In the U.S., while both the Environmental Protection Agency (EPA) and the Occupational Safety and Health Administration (OSHA) have strict safety requirements for operators using more than 10,000lbs (4,536kg) of ammonia (R717), there are still requirements that must be followed for smaller amounts of the chemical, the International Institute of Ammonia Refrigeration (IIAR) pointed out in a recent webinar.
In particular, section 112(r)(1) of the U.S. Clean Air Act, also known as the General Duty Clause (GDC), makes the owners and operators of facilities with regulated hazardous substances such as ammonia responsible for managing chemicals safely, “regardless of size or quantity,” said Tony Lundell, Senior Director of Standards and Safety for the IIAR at the May 17th webinar.
Recently, the EPA notified the IIAR that “one area of the agency’s focus is to determine whether facilities using hazardous chemicals have conducted a hazardous analysis,” Lundell said.
“We have verified an enforcement awareness of implemented EPA National Compliance Initiatives [NCI] that are effective 2020 through 2023,” said Lundell. NCI’s entitled “Reducing Risks of Accidental Releases at Industrial and Chemical Facilities” applies to anyone using ammonia.
In the notification to the IIAR, the EPA cited two applicable parts of the Clean Air Act Section 112(r), revised in 1990, to ammonia-based systems:
- The Risk Management Program (RMP) for facilities using large quantities of identified hazardous substances, which in the case of ammonia is greater than 10,000lbs. (4,536kg).
- GDC for facilities using any quantity of hazardous substances.
OSHA’s process safety management (PSM) program also requires strict safety measures for operators using more than 10,000lbs of ammonia. OSHA also has its own GDC clause, Section 5(a)(1) of the Occupational Safety and Health Act, requiring an employer to provide a workplace “free from recognized hazards that are causing or likely to cause death or serious physical harm to its employees.” This requires a hazard analysis for ammonia systems, said Lundell, adding that several states also have programs outlining a GDC that are identical to or refer to OSHA’s.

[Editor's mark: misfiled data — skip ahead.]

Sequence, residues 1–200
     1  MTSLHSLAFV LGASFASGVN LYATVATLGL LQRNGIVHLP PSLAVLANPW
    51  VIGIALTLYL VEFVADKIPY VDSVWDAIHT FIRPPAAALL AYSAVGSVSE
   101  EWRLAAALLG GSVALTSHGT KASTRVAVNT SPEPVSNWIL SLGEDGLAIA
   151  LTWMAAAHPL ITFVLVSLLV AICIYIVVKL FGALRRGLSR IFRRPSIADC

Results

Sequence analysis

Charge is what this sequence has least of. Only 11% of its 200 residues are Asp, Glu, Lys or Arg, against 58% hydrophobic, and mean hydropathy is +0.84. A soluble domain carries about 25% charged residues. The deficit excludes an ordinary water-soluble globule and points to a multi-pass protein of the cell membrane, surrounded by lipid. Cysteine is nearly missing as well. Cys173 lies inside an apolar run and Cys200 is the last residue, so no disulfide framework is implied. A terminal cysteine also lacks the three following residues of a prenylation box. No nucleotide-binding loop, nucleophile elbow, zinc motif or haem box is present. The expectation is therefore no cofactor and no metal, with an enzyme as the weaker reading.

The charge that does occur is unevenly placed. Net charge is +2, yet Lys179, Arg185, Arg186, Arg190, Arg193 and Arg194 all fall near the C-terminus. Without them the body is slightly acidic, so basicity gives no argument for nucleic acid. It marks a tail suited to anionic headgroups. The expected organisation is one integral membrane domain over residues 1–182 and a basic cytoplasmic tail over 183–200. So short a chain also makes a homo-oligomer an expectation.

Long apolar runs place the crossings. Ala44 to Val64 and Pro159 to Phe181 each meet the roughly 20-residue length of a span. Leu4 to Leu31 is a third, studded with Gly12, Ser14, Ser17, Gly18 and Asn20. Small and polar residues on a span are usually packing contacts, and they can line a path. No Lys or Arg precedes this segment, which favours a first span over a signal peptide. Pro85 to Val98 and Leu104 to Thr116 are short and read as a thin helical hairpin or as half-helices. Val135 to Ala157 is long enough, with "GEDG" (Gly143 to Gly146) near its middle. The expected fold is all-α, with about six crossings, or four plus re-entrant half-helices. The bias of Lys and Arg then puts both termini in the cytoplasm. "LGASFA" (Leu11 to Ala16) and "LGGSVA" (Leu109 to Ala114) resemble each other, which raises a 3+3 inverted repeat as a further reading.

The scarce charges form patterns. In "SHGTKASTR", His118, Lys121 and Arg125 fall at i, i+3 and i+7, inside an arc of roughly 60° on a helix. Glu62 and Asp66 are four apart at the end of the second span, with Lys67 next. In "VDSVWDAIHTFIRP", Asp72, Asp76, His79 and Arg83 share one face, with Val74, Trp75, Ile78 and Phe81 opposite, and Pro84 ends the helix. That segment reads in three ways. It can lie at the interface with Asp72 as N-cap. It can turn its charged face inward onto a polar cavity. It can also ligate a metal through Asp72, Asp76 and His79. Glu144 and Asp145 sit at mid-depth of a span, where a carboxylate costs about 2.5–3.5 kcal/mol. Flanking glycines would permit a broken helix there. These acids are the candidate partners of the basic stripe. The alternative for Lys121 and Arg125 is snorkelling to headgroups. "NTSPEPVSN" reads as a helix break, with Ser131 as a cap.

According to Lundell, the three bases of the GDC, especially for systems not regulated by EPA’s RMP, include:
- Identifying chemical hazards and assessing the impact of possible releases;
- Designing and building a safe facility to prevent accidental release of hazardous chemicals; and
- Minimizing the consequences of an accidental release.
“If your facility does not have a hazardous analysis in place, we urge you to get this done soon,” said Lundell, advising end-users to contact their contractor to help meet GDC requirements. “If you are a contractor, consultant or equipment supplier for ammonia-based systems, we encourage you to notify end users, especially those with small facilities, concerning the [GDC] requirements of a hazardous analysis of the completed system.”
Lundell reported the following GDC violations seen by the IIAR in ammonia-based refrigeration systems that have caused exposure and damage resulting in investigations and fines:
- No ammonia detector installed
- The lack of tight-fitting doors with emergency egress push panels in machinery or equipment rooms
- Piping damaged during maintenance
- Systems not protected from facility traffic, including forklifts
- No working emergency shower and eyewash accessible within 10 seconds or 55ft (16.8m)
- A ceiling-hung evaporator or other equipment that fell
- An over-iced evaporator vibrated a fan, cracking the hub and causing blades to damage the coil, resulting in a release
- No hazardous analysis completed
When it comes to enforcement, Lundell indicated that if there is a hazard analysis violation and someone gets hurt, fines may be in the range of US$45,000 (€41,620). If there is no response from the system owner, fines will be charged per day, which can add up to hundreds of thousands of dollars.
Appropriate assessment techniques
“The appropriate hazard assessment techniques are based on size, uniqueness and complexity of the process [system],” said Lundell.
For a relatively uncomplicated system, asking what-if questions is an appropriate chemical hazard assessment technique, said Lundell, with a checklist approach for more complex ones. The “most widely used technique” combines what-if and checklist approaches. Other approved assessment techniques include a Hazard & Operability Study using guide words for direction, Failure Mode and Effects Analysis with a study of component failure and Fault Tree Analysis using qualitative and quantitative modeling or an equivalent method.
The IIAR offers guidelines and templates to meet GDC safety requirements based on system size with the Process Safety Management & Risk Management Program for systems with over 10,000lbs (4,536kg) of ammonia, the Ammonia Refrigeration Management for systems containing less than 10,000lbs (4,536kg) but more than 500lbs (227kg) and the Low Charge Ammonia Refrigeration Management for systems with less than 500lbs. (227kg).
In addition, Lundell is available to answer questions regarding GDC safety compliance at education@IIAR.org. Useful EPA documents include ECDIC-2000-011 and EPA 550-F-20-002 from April 2020, Lundell cited.
“The appropriate hazard assessment techniques are based on size, uniqueness and complexity of the process [system].”Tony Lundell, Senior Director of Standards and Safety for the IIAR